This weekend birders of all shapes and sizes will head to their back windows, or maybe even outside into their backyards and count birds.
I had heard of this event in the past, but did not have any interested kids. Well, today in our science we read about it once again. The book said it took place sometime in February, so I jumped online to see when. And, it is this coming weekend! February 18-21, 2011, you are encouraged to spend 15 minutes at least one day counting birds in your yard or other outdoor area.
There are a few organized events in Illinois:
February 19, 9:00-Noon
Peck Farm Park Interpretive Center
4038 Kaneville Road, Geneva, IL
Contact: Tina Rossi, (630) 262-8244, email@example.com
February 19, 1:00 – 3:00 PM
Citizens Park, Jewel Pavilion, 511 Lake Zurich Road, Barrington, IL
For ages 4 and up, Cost: $5 per child, families with multiple children pay $1 for each additional child. Registration is required.
Contact:Citizens for Conservation, (847) 382-SAVE (7283), cfc@CitizensforConservation.org
February Noon-2:00 PM
Peggy Notebaert Nature Museum, 2430 N. Cannon Drive, Chicago, IL
Join our celebration of the 2011 Great Backyard Bird Count! Learn bird watching skills and discover how your family can participate in this year’s bird count. Compete in the Bird Olympics to test your athletic abilities against those of local bird species. Fun for all ages!
Contact: (773) 755-5126, www.naturemuseum.org
February 19, 9:00 AM – 4:00 PM
Anita Purves Nature Center, 1505 N Broadway, Urbana, IL
Join Champaign County Audubon Society members and Anita Purves Nature Center staff as we make an important contribution to conservation by counting birds for the GBBC. Help identify and count the birds at feeding stations and along trails in Busey Woods. Dress for the weather and bring binoculars if you have them. Free! All ages (under 15 with adult)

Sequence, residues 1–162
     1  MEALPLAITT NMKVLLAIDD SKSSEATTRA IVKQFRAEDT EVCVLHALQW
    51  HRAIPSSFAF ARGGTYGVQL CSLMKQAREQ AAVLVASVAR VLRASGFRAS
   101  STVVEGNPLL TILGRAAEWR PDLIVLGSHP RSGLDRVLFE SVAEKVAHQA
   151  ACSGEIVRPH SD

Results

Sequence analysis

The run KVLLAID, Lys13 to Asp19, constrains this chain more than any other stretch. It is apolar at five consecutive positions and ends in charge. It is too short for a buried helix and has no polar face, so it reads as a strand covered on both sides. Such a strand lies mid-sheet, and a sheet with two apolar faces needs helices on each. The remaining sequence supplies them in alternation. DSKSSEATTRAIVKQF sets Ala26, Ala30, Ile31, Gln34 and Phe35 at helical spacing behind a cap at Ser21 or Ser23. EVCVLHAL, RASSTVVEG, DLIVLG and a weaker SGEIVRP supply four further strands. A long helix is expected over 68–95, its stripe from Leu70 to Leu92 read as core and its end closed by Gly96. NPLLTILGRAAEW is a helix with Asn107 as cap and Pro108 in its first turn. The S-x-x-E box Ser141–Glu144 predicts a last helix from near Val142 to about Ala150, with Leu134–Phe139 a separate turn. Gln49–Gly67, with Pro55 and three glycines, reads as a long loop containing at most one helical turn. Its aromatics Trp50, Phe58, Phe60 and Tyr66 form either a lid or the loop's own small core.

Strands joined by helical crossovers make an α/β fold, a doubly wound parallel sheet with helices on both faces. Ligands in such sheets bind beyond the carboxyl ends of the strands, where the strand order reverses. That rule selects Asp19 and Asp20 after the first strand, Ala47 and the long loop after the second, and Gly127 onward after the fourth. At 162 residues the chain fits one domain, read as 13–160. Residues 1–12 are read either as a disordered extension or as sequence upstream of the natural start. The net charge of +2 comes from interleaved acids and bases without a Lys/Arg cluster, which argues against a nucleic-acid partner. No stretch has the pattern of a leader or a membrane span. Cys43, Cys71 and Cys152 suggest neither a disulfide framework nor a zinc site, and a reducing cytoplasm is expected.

Contact: (217) 384-4062
If you would rather spend time on your own in your own space there are lots of resources at the Great Backyard Bird Count website:
– Ideas just for us educators including bird feeder construction, backyard activities, and ideas for getting kids involved.
– Links to more sites with information about bird identification.
– A page to input your zipcode and come up with a list of birds you might expect to see. This is a great tool to look at ahead of time to be prepared for quick identification during the count.
We also enjoy the site “What Bird?” for bird identifications. It helped us identify a flock of Sandhill Cranes that passed over our house last year. You need to be observant, and the longer you do it, the more you know what to look for. I still have a lot to learn to advance beyond a casual birder, but it is a fun activity, and something all ages can enjoy together.
When it’s all over, don’t forget to jump online and submit your count to the official database.